The 5-minute, GLEE-style dance party got some of the other shoppers visibly animated and shaking their booties. The YouTube video of the event, created by Agit-Pop Communications, went viral, with over 1.5 million hits.
Running for Office as a “Corporate Person”
The absurdity of the legal precedent that says corporations are people is hard to ignore. Eric Hensal decided to mock corporate personhood by testing out whether a corporation could run for office. The Murray Hill Inc. for Congress campaign began with a proposal written on a napkin at a Tastee Diner. “I’m driving to meet someone for breakfast one morning, the Citizens United decision comes on, and I’m like, the hell with it, I’m running my corporation for Congress,” says Hensal, owner of the small, Silver Spring, Md., public relations company.
“Murray Hill Inc. for Congress puts a boring subject like campaign finance on a human scale,” says Hensal. “People laugh, but they appreciate the underlying truth behind it.”
Impersonating a Corporation
Enbridge, an oil company with a long record of spills, planning a pipeline more than 700 miles long through pristine British Columbia wilderness—what could possibly go wrong? Enter the Yes Men’s “MyHairCares” campaign, a flurry of fake press releases under the Enbridge name asking more than 1,000 salons across Canada to collect hair to mop up the oil giant’s future spills.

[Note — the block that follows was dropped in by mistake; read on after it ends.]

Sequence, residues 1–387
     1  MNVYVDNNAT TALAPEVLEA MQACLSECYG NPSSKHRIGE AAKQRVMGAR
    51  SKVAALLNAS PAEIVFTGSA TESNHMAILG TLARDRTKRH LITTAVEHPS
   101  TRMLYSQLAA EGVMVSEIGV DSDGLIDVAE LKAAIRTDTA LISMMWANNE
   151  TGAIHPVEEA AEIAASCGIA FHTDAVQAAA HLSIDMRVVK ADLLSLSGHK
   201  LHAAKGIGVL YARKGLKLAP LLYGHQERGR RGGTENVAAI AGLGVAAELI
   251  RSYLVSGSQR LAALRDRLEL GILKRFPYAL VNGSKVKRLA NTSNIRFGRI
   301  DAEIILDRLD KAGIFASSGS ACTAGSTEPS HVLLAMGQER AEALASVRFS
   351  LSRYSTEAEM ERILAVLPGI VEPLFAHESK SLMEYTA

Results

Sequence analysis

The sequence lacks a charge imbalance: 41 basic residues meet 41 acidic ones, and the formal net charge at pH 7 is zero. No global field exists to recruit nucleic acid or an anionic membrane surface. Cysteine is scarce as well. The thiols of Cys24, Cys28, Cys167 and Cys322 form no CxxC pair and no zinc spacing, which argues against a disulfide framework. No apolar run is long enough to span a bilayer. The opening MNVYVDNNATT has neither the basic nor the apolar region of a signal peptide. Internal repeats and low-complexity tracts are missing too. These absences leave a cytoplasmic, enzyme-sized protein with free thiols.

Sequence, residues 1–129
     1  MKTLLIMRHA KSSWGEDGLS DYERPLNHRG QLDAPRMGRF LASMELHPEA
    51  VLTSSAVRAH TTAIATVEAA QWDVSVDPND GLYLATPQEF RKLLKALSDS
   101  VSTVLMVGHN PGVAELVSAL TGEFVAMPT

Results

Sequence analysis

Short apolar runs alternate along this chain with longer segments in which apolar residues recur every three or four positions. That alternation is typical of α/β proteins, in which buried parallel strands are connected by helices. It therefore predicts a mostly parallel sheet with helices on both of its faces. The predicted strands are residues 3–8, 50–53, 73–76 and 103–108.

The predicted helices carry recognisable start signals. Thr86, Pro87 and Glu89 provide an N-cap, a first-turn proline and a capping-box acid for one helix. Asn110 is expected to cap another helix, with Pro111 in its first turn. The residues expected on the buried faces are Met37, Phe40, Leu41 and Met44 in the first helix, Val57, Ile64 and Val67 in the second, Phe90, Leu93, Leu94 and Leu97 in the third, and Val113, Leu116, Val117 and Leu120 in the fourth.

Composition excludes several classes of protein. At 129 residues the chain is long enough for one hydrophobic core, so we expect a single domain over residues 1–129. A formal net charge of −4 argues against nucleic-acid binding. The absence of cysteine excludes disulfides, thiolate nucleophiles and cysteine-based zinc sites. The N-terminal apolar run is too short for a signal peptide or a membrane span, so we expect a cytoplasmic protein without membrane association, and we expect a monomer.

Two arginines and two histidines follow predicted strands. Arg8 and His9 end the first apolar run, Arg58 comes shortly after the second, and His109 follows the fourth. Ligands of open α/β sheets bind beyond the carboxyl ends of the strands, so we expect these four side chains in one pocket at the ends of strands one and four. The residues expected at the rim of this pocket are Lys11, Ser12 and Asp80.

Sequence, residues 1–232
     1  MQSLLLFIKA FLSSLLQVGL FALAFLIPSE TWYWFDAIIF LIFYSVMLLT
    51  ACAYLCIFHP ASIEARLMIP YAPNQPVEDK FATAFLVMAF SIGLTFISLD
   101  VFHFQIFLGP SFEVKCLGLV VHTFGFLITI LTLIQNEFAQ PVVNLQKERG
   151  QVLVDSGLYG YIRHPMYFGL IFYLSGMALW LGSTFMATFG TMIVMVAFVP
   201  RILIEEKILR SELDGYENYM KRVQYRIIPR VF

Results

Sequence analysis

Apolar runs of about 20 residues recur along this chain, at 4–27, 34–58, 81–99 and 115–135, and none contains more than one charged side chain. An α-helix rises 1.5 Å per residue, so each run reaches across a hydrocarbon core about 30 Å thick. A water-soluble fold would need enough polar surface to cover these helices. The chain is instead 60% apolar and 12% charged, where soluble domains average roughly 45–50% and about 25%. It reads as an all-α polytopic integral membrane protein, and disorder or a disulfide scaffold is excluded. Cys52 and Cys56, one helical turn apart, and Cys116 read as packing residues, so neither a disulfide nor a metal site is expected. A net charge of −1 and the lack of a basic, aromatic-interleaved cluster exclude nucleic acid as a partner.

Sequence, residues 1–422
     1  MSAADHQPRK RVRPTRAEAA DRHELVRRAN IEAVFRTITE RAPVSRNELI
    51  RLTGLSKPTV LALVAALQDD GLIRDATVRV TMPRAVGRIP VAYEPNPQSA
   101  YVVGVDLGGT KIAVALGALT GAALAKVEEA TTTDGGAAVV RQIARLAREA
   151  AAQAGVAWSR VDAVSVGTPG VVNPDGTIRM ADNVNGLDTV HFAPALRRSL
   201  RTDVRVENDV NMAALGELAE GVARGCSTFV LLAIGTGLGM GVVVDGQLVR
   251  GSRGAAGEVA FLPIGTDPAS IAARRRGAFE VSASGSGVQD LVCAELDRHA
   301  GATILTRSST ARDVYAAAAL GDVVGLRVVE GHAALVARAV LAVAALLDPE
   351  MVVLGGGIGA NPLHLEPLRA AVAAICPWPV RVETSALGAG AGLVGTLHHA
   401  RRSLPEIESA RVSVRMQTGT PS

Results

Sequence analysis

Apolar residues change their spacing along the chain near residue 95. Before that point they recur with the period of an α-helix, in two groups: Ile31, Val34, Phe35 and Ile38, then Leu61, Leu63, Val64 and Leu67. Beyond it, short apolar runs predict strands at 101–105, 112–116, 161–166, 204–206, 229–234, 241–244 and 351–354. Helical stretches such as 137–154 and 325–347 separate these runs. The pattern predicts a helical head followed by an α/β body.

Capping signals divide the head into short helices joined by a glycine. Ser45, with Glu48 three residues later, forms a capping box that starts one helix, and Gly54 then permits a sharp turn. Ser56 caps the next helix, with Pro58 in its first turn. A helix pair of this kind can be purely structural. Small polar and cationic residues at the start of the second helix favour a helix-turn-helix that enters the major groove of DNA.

For years, Andy Bichlbaum and Mike Bonanno, a.k.a. The Yes Men, have been drawing attention to corporate abuses by pretending to be corporate spokesmen. The Yes Lab for Creative Activism’s new “project wizard” allows anyone to cook up the next prank. “Nothing we do is rocket science,” says Bichlbaum. “After coming up with a funny project idea, it’s just a matter of applying elbow grease and connecting with the right people.”
“Mic check?” someone shouts. “MIC CHECK!” the crowd echoes, almost in unison. After the New York police banned the use of electronic amplification in Zuccotti Park, necessity compelled the first Occupiers to prove that the power of a crowd was enough to amplify the messages of the 99 percent. The simple human microphone has come to signify the Occupy movement’s resilience and adaptability. Now, this cheeky “technology” has become a tool for disrupting business as usual with righteous rants. A crowd begins an almost unstoppable call and repeat. They overpower a luncheon at the U.S. Chamber of Commerce or interrupt Black Friday sales at Walmart to announce to shoppers that “Walmart could fire its employees for the mere mention of forming a workers’ union.”
Disorder in the Court
What can match the legal power of corporations? At a courthouse in Brooklyn, a simple song was enough to drown out the proceedings. In October 2011, members of Organizing for Occupation (O4O), a group of New York City residents formed to respond to the housing crisis, disrupted a foreclosure auction with a song written specially for the arbiter of (in)justice. “Mrs. Auctioneer,” they sang, sadly and beautifully, “all the people here are asking you to hold all the sales right now. We’re hoping to survive, but we don’t know how.” While the singers got escorted out of the courtroom in plastic handcuffs after half an hour, their heroic anthem apparently reached the hearts of potential buyers, and according to reports in Village Voice, only one of the three buildings set to be auctioned that day was sold.
Sven Eberlein wrote this article for 9 Strategies to End Corporate Rule, the Spring 2012 issue of YES! Magazine. Sven is a freelance writer living in San Francisco, with roots in Germany. He blogs at svenworld.com.